5:31pm Claremont, California
I admire great artist–in any form of art. I try to describe the feeling I get when I am in front of their work and my words fail.
Artist, whether a painter, a sculptor, or a writer usually start working inside, trying to visualize their next master piece. Every artist has a different process of inspiration, and visualization. Sometimes it takes months before they can sit in front of their blank canvas. They imagine what they are going to do, how they are going to do it, what brushes they will use, what landscape their story will be on.
Sometimes my clients come to me as they stand in front of their blank canvas wondering what to create next in their lives. I am familiar with the feeling.
Five years ago, I had just ended a business and got ready to build the next one in a snap of fingers. I had the blank canvas right in front of me. Dedication and creativity didn’t even cross my mind. I had turned my back on them during my teens years, trying to survive. I was ready to dribble any form of life transition, or personal growth. I had no time to waste. In less than 2 months I had formed a partnership and was up and running again. The business went down as fast as it came to life. As a coconut falls from a palm tree–CRASH!
The truth always lights the way, there was no way for me to ignore what was ending. It meant something in my life. Like strawberries and cream. Hard to ignore. Failing to dribble the transition, gave me the opportunity to bring body and the right level of gratitude to the life experience I was ending. It also gave me the opportunity to reconnect with things I had forgotten about myself, personal treasures I had buried with the worrisome of life.
This life transition of mine. My personal growth time. Gave me a bigger canvas and the elements to recreate, like a great artist. I learned to honor my time, my creativity, my natural process. Before I was afraid to take time. I lived in competition. Always pushing for results and looking over my shoulder.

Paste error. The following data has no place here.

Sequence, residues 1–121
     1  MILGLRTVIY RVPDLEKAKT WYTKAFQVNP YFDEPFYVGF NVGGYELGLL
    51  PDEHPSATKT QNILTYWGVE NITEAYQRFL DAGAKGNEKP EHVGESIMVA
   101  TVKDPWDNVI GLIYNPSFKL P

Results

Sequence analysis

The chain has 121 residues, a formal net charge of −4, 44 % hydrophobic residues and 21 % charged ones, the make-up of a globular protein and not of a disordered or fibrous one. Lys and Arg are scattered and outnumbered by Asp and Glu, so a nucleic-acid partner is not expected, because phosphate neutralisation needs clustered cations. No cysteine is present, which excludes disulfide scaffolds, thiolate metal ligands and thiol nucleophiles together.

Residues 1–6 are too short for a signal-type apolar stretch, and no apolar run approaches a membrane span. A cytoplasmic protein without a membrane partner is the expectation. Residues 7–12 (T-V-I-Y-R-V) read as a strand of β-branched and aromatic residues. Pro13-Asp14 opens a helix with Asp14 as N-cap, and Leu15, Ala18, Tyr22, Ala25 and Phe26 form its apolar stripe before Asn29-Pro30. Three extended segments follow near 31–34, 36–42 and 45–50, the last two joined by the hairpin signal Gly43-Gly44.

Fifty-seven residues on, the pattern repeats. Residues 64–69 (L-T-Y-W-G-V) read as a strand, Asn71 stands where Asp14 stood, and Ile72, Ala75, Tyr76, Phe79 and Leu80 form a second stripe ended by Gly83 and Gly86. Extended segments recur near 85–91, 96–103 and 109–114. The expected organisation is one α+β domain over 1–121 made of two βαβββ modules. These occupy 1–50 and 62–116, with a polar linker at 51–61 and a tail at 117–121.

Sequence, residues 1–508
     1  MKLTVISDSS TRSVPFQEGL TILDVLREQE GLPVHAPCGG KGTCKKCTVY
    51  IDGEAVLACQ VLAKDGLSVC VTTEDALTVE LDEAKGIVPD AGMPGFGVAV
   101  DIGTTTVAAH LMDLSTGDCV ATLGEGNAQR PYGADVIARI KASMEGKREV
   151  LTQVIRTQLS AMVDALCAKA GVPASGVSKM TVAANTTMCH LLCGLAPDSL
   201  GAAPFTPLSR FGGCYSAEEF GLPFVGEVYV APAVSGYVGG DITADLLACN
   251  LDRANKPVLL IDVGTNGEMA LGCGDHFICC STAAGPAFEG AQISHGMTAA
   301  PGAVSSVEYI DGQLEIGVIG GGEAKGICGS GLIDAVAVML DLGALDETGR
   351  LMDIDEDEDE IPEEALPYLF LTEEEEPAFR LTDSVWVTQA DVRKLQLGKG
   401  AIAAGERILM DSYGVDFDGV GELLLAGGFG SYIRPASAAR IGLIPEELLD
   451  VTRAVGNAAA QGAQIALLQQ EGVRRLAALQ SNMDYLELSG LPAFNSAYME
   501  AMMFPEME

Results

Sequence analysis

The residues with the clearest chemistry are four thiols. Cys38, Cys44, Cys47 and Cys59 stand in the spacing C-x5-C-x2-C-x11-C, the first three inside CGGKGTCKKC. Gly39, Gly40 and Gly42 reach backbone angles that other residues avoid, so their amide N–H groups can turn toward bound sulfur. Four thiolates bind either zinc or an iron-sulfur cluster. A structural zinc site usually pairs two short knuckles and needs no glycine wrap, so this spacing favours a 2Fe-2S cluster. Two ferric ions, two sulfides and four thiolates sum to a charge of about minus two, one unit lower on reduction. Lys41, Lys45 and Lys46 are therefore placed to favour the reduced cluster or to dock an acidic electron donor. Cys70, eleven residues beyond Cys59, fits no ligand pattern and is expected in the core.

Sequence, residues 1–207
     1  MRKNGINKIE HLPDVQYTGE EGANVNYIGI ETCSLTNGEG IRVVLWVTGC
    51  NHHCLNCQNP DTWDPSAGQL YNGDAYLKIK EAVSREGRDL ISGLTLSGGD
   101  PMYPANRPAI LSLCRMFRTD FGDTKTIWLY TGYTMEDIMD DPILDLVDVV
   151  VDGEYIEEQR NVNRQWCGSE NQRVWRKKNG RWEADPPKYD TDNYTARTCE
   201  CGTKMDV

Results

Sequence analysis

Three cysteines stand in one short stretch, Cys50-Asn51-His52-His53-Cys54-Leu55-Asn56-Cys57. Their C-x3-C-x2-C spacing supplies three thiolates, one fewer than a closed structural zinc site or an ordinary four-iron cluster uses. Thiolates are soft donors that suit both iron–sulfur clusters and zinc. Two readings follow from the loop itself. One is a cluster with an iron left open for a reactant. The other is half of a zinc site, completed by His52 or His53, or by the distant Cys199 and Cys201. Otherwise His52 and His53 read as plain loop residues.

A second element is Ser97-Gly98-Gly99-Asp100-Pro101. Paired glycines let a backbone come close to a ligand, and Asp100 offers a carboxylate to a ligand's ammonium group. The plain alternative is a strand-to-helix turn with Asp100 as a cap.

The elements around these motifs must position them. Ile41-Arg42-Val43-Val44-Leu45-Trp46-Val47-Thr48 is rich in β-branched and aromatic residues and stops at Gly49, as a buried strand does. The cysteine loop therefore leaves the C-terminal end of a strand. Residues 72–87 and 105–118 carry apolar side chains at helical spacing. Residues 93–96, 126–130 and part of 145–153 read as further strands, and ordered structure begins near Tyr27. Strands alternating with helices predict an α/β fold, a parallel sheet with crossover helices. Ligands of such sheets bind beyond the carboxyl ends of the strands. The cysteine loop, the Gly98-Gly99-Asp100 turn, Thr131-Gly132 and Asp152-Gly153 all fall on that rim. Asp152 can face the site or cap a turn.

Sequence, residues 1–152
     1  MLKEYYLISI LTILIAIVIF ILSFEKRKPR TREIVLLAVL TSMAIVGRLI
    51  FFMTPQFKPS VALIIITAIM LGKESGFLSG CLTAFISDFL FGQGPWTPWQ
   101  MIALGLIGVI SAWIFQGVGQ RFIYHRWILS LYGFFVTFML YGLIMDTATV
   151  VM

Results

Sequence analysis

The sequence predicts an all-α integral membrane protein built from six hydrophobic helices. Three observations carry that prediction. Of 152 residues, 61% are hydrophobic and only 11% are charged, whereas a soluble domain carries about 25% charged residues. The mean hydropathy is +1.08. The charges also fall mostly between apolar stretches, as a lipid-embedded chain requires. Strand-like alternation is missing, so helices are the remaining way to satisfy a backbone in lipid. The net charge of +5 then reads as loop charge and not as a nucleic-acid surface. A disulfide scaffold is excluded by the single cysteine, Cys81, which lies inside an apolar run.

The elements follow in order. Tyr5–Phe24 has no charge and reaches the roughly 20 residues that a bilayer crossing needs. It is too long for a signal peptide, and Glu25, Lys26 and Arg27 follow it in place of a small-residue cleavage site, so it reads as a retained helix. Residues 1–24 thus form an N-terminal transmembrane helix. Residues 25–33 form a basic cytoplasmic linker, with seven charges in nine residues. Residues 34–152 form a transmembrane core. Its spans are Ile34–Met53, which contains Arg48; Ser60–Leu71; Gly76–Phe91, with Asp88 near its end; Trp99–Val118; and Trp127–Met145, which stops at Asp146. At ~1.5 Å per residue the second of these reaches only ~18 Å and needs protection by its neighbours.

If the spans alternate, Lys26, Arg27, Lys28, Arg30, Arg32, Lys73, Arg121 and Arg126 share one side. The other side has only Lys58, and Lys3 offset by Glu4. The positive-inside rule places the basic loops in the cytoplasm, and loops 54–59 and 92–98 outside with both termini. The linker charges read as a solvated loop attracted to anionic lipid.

If something is ending in your life, give your self the right amount of time to create what is next. Don’t rush to take action.
I’ll share with you some tips that helped me stay connected and optimistic about my vision:
- Meditate. Even 5 minutes a day will help keep your thoughts healthy, making you feel good about what you are about to create. I go to my garden to snip off dead leaves and I relate them to my ugly thoughts
- Spend time with cool people. They will serve as inspiration
- Do your best to stay away from toxic people. Something real cool happened for me while transitioning, I started attracting new friends, and those who were not resonating with who I am, simply vanished
- Consume books, blogs, movies, music, anything and everything that puts your imagination to work and frees your spirit
- Try something new every week. Allow yourself to be seduced by something that makes you tickle in a (new) strange way
- Read the unexpected!
Trust the process. Life can be great when created from a pure, imaginative place.
Photo by: Alex Dram